antwerp-fashion

Interview: Pierre Renaux - Antwerp Royal Academy Of Fine Arts' Fashion Department

His collection ‘Liquidation Totale’ won him the Coccodrillo award for shoe design and the Antwerp ModeMuseum MoMu award placing his collection on display in the museum (shown until August 11th). As if it’s not enough, Pierre along with 2 other graduates has chosen by Ann Demeulemeester for her upcoming exhibition in Brussels. “I chose Pierre because it was a work clearly based on cuts,” commented Ann Demeulemeester on i-D magazine. “I also chose the work of Jezabelle (Cormio) and Jack (Davey). It was funky, outside the fashion system itself. But Pierre made something almost architectural. It is rare to see students work on cuts nowadays, you know, it is not about decoration, like a race for how many ribbons you manage to apply on the piece, but it is about the structure itself, which is actually very much what I am doing.” Pierre also interned and worked for Rick Owens, Gareth Pugh and Mugler.

Firstly, congratulation for your graduation and the awards that comes within! Let’s introduce you first. Tell us about you and the life at the academy
I’m a nobody from a very small city in france, i do not have any affiliation with fashion whatsoever except an unexplainable fascination for the female body. Right after high-school i decided to try the Antwerp Academy because it was public (tuition fees are reasonable) and the entrance-exam process made a lot of sense to me (for a few days the tutors get to know you, and you work on site on different things that will decide your potential acceptance).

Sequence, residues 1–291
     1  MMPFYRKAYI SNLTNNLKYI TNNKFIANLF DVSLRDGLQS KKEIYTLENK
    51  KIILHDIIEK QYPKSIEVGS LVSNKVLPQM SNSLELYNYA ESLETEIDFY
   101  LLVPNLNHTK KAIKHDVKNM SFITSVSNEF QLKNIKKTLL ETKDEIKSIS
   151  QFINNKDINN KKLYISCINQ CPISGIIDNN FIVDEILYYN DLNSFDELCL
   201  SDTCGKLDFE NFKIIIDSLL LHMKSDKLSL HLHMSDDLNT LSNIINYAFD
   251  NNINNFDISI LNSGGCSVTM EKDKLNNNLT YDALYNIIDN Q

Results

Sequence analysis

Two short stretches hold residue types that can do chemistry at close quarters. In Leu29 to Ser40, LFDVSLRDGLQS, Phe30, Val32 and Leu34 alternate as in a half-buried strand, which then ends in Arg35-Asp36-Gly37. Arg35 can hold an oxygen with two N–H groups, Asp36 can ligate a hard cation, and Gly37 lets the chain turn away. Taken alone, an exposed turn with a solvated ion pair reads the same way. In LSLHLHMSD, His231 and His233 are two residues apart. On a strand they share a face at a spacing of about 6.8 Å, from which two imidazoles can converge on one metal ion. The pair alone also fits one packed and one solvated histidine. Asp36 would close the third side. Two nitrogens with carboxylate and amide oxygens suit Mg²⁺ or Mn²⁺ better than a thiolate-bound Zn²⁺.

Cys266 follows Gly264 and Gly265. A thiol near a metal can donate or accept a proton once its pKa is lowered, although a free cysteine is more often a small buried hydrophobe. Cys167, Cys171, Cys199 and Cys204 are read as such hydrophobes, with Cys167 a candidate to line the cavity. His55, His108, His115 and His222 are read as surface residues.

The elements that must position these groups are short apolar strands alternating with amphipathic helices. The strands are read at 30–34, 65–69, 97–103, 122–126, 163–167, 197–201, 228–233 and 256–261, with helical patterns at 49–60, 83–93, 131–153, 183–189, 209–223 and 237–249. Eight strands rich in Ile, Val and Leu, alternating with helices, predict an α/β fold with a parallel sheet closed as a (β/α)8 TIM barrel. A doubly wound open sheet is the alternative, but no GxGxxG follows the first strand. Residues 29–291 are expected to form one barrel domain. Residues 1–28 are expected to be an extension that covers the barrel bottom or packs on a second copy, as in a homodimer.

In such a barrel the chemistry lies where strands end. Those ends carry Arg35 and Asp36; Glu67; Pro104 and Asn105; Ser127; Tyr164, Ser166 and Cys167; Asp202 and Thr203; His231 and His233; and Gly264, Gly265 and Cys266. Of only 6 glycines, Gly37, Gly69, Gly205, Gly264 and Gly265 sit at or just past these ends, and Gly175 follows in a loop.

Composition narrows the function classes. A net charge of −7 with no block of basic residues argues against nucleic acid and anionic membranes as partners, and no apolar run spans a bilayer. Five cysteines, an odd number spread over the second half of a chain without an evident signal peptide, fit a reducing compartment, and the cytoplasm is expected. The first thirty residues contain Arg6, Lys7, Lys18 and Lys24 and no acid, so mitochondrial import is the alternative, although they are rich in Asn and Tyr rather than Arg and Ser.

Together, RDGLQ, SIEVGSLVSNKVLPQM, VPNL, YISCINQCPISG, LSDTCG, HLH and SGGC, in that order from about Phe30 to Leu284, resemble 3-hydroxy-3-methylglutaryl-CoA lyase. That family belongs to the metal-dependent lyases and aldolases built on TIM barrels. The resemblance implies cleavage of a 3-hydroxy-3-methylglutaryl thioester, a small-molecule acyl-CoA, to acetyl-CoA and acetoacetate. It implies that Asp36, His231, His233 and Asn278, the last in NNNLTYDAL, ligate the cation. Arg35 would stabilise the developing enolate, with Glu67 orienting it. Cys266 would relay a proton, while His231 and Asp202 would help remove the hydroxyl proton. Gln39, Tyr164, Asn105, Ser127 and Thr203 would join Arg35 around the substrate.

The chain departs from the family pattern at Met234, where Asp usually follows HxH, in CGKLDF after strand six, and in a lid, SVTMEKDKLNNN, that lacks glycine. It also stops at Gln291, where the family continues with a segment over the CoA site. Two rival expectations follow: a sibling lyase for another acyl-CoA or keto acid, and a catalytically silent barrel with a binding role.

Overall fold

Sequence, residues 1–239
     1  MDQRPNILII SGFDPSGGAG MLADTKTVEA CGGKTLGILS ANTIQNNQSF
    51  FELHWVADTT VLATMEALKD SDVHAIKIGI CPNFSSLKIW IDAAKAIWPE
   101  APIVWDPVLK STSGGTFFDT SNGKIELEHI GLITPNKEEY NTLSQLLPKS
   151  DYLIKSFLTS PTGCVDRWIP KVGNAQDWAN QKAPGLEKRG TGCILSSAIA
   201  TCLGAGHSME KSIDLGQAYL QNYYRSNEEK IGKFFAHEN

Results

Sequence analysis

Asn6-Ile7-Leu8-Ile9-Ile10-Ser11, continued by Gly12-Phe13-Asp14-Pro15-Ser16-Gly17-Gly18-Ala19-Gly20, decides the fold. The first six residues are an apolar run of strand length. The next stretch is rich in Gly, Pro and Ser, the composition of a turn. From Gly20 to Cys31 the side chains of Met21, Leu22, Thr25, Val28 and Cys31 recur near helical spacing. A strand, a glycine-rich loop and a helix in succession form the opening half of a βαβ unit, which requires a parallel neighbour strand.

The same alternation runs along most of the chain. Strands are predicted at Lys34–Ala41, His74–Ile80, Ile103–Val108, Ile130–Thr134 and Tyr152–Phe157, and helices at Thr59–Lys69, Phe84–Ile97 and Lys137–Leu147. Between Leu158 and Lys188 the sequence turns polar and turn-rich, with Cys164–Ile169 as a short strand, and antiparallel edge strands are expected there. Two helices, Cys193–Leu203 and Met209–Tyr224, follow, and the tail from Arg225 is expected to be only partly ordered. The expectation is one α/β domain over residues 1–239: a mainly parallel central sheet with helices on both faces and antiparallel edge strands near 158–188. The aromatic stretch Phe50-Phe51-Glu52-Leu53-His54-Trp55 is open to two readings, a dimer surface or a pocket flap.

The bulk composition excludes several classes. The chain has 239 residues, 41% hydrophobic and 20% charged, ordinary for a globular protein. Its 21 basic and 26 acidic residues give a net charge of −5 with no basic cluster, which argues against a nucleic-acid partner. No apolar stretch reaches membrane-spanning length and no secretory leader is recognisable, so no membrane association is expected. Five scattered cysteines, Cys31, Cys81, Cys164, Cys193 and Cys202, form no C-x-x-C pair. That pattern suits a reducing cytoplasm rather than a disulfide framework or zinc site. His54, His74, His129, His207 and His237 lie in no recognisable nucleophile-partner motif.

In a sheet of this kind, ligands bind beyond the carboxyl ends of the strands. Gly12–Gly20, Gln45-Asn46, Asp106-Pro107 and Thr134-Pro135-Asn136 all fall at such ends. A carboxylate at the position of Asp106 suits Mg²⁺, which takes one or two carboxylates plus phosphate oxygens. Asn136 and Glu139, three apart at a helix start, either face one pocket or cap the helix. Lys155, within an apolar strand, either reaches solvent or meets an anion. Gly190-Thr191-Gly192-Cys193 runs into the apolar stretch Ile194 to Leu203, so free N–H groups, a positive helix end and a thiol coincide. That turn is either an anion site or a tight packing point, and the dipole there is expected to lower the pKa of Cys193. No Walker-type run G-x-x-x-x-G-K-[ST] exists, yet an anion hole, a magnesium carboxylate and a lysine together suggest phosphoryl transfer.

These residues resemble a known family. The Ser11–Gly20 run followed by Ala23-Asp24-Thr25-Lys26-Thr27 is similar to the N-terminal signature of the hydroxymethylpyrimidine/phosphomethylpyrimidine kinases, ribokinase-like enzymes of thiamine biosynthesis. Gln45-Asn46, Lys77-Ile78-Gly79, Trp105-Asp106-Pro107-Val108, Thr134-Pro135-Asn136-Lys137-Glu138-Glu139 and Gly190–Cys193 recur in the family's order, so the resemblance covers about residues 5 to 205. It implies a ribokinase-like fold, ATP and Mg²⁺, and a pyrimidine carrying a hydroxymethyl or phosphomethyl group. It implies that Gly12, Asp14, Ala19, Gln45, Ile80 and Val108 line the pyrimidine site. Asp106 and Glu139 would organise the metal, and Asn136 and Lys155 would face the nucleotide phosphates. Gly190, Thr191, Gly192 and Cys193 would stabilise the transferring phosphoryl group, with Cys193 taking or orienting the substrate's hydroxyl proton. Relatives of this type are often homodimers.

What has been the biggest difficulty so far?
My biggest difficulty but also my biggest challenge at the Academy was definitely understanding the garments and techniques, since i have absolutely no technical background. The second most difficult thing was seeing some very talented students fail, and some very untalented students succeed cum laude. Making compromises about my creations was also a very big issue as an over-confident 18 years old.

Now tell us about your collection “Liquidation Totale”. I love the way it has an innovative sensibility.
My collection LIQUIDATION TOTALE is the conclusive act of a triptych i initiated in second year with my first collection MODE SANS ECHEC, followed by TOUT DOIT DISPARAITRE.
Those titles are both puns and nihilistic statements that, once translated, give FASHION WITHOUT FAIL, EVERYTHING MUST DISAPPEAR, and TOTAL LIQUIDATION.

Liquidation Totale is what is written on french shop windows right before their definitive closure, but i always saw it as a kind of threatening message: “hurry up before it’s too late.” or “we had enough” I use those titles to convey my boredom with fashion and my inherent desire for change.

After taking one year off between third and fourth year, that i used to gain momentum, inspiration, energy and real-life experience, the reality check was quite violent.

I worked as an intern at Mugler, and soon realised that the master collection i would produce in fourth year would probably be my last, at least the last one where i have complete creative control.
Starting from there i developped my atmosphere around a Business Woman at the summit, losing everything. This woman embodies this fake designer brand i invented for myself: “PR” (Pierre Renaux), shutting down, or failing.

This collection is very much about death and rebirth, reaching the top (the master year) and then falling down (going back next year to do photocopies and make coffees as an intern).
To translate this idea of derelicteness of my made-up brand, i thought interesting to design garments in the process of breaking, mutating around the body, shattering like glass, growing like micro organisms, in perpetual dynamism.